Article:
Modern railroad locomotives are complex vehicles containing multiple operating systems including sophisticated computerized controls responsive to a large number of input variables. A typical electromotive railroad locomotive is propelled by a plurality of AC or DC traction motors connected to respective drive axles, with the electrical energy for the motors being supplied by an on-board generator powered by a diesel engine.
Locomotives are assembled in a number of different configurations so as to satisfy one or more respective mission requirements served by a railroad. One may appreciate that the operational requirements for over-the-road hauling are significantly different than those for switchyard operation. For example, a switcher locomotive generally moves a relatively small number of cars across a mostly flat area at low speeds, whereas road-hauling locomotives must be capable of moving a train at relatively high speeds across terrain that may include significant changes in topography. A switcher locomotive may also spend a significant amount of time idling, whereas road locomotives must operate for long periods at high power levels.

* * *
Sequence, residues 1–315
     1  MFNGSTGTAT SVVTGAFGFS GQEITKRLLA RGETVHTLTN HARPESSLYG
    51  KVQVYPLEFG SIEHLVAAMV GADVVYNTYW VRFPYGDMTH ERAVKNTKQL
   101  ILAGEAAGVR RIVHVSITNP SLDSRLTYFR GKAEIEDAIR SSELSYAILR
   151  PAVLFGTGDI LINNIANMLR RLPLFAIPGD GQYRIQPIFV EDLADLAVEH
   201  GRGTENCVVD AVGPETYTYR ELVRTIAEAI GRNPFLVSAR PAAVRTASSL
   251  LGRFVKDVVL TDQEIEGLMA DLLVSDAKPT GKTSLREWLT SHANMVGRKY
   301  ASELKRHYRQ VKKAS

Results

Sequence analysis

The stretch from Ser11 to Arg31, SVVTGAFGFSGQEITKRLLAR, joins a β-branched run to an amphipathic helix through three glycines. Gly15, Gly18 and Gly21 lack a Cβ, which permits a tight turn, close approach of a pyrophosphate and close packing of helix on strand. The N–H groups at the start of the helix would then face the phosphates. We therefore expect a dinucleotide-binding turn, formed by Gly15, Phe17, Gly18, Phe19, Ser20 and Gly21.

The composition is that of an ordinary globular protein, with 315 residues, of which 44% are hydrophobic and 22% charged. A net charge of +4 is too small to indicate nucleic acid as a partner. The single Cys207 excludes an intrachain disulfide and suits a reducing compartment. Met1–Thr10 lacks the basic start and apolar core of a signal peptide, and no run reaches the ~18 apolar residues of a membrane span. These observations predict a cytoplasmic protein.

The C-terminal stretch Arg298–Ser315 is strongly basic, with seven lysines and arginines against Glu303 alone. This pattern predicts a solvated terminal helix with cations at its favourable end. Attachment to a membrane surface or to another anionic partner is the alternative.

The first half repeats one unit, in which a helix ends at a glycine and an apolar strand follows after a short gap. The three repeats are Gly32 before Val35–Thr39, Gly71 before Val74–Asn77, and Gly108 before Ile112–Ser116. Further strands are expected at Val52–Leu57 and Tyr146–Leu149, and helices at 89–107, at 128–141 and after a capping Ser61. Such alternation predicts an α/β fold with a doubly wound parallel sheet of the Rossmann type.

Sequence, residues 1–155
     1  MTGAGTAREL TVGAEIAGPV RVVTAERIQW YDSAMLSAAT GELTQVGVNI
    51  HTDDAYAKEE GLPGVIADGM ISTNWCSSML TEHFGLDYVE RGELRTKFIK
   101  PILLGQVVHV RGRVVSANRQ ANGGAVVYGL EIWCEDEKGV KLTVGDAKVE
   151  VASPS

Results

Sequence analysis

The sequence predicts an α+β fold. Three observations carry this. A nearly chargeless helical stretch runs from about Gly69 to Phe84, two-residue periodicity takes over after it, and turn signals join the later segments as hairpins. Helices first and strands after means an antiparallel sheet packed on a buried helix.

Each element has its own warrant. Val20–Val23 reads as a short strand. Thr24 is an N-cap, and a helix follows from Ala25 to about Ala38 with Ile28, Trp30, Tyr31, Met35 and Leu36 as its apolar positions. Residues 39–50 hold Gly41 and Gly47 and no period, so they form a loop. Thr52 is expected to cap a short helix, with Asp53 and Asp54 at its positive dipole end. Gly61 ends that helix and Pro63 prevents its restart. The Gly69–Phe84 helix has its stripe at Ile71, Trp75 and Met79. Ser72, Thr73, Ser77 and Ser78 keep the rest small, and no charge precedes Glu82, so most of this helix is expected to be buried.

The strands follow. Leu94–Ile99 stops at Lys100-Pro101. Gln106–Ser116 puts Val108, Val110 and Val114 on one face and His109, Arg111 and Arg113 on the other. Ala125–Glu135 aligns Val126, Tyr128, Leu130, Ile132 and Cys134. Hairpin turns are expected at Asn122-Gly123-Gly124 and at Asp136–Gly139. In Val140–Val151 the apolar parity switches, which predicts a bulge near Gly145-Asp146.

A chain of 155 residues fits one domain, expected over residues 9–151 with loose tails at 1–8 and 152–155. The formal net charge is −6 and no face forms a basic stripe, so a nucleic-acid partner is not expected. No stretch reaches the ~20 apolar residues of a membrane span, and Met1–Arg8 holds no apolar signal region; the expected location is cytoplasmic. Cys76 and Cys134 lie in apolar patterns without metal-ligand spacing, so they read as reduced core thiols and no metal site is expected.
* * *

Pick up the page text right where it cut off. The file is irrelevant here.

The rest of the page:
Railroad mission requirements are affected by numerous variables including customer demand, weather, equipment availability, personnel availability, government regulations, etc., and it is often impossible for a railroad dispatcher to make available the best-suited locomotive for a particular mission. For example, even a single mission as simple as moving a train from point A to point B may involve mission demands that vary significantly with the geography of the railroad track, such as different government emission regulations at different points along a railroad track. As a result, a locomotive originally assembled with the configuration suited for an initial intended mission will provide less-than-optimal configuration when placed into service for another and different mission, and typically the best a dispatcher is able to do is to provide a locomotive that presents a good compromise of capabilities to meet a range of different (and often competing) mission requirements. For example, if there is a need for a switching locomotive but none is available, a road locomotive may be used. However, the road locomotive may be configured to operate using a number of traction motors in excess of the number needed for switching operations, thus resulting in unnecessary wear on motors that are not really needed to satisfy the mission requirements.